Larry David’s Sheepshead Bay Upbringing Spotlighted In Advance Of New Play

Larry David’s Sheepshead Bay Upbringing Spotlighted In Advance Of New Play
Source: Wikimedia Commons

What a curmudgeon. Sheepshead Bay’s most famous living resident, Larry David, is in town for the long haul, and it looks like he’s shunning his old neighborhood.

The surly comic writer who created Seinfeld and Curb Your Enthusiasm has taken up residence in a “five-star suite” of an East Side hotel while he preps for his new Broadway project, Fish in the Dark.

The Daily News, ever the astute reporting enterprise, accurately notes that it has “nothing in common” with his old Brooklyn digs.

This is a guy who grew up in a noisy and crowded Sheepshead Bay, Brooklyn, apartment, the son of a clothing-manufacturer father and an often disapproving mother.

Sadly, David didn’t discuss his upbringing – or anything else – with the paper, so they turned to friends, including Richard Lewis. The two were born just 72 hours apart at Brooklyn Jewish Hospital in Crown Heights.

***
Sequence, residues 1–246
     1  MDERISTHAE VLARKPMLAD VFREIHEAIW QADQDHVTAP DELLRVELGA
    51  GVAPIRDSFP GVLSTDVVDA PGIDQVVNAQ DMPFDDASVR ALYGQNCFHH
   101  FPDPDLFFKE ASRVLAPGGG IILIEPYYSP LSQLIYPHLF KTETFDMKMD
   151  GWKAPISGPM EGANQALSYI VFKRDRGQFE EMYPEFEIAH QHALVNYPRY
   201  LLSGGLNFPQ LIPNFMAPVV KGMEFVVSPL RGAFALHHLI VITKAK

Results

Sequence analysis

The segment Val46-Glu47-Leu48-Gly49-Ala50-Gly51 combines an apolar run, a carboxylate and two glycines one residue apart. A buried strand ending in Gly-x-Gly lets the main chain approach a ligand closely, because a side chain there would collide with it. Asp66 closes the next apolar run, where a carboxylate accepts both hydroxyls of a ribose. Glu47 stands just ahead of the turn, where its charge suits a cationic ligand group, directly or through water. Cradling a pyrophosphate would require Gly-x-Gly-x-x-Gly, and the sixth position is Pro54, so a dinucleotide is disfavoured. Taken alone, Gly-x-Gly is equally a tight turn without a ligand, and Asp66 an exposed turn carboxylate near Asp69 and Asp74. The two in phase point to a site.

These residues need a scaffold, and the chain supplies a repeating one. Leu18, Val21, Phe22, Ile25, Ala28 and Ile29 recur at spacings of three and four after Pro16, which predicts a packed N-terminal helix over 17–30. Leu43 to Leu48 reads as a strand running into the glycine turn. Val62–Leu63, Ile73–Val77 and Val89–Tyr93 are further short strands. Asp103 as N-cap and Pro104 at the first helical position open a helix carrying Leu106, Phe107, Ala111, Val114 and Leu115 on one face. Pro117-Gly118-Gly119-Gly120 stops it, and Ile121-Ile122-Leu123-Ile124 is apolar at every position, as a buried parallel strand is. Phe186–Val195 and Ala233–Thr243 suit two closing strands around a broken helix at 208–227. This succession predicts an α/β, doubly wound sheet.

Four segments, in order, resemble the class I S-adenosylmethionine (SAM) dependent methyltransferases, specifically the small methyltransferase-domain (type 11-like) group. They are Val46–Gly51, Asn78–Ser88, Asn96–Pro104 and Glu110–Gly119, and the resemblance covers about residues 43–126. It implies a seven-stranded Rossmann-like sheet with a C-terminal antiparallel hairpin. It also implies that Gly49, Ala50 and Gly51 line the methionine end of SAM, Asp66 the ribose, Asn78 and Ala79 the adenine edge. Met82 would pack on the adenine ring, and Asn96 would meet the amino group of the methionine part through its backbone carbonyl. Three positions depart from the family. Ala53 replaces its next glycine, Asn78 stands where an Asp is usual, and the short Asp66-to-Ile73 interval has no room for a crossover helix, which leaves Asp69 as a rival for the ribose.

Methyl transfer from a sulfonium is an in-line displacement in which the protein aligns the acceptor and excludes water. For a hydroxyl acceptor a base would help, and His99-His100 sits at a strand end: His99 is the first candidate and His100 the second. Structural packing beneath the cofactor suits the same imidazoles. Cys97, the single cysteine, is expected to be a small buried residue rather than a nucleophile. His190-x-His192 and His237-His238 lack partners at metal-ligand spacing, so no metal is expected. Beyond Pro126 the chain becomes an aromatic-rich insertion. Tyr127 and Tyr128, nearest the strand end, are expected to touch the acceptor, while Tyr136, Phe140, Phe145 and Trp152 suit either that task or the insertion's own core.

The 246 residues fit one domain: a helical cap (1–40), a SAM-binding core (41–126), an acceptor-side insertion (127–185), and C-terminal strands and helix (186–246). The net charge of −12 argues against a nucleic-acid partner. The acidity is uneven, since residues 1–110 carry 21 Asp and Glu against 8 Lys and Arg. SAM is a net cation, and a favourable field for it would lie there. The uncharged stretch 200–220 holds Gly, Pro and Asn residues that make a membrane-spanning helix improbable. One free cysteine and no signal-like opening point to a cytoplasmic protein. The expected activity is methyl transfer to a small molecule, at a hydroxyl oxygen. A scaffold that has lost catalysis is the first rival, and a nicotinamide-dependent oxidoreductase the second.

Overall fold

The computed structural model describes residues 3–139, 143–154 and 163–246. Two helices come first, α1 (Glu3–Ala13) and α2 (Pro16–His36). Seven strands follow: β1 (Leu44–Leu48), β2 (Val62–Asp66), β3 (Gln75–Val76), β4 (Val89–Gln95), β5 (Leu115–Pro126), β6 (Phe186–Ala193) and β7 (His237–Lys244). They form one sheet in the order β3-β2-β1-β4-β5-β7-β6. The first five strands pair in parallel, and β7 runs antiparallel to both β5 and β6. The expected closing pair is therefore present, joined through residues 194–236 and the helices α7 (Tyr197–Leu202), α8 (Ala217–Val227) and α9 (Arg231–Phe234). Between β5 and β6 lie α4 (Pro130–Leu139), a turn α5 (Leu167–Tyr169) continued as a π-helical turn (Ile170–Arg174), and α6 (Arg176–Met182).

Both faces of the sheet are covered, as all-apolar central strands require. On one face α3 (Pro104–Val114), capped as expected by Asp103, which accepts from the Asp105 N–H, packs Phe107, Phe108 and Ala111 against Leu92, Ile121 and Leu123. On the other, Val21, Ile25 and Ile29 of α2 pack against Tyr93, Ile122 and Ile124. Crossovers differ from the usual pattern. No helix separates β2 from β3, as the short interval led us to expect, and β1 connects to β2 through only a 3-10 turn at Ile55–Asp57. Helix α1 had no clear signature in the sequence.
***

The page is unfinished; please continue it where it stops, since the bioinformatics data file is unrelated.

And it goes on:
“Larry was annoying me when I was 3 — as in, 3 days old,” Lewis told the paper, joking that they had to fight for the attention of doctors and nurses. “We’re just linked in some bizarre ways.”

While Lewis’ family headed to New Jersey, David went home to Sheepshead Bay… where he apparently did little with his spare time.

In the 1965 Topaz yearbook for Sheepshead Bay High School, David’s senior portrait lists his name and address above a big block of white space. No clubs. No roster of activities. Nothing. Perhaps that’s where he got the idea for his most famous sitcom.

Okay, so the article is scant on details about David’s Sheepshead Bay. And David himself rarely talks about his childhood, though in 2012 he told the Financial Times that the neighborhood was full of loud, nosy people (not much has changed, eh?)

So with David back in town for a few months, we’re hoping he’ll take a trip back to Sheepshad Bay. And if you’re reading this David, give us a call and let us pick your brain about what the neighborhood was like, why you left, and what you think of it these days.

We’ll trade – if you give us 30 minutes on the record, we’ll start the fight to get a statue of you built somewhere in the neighborhood!


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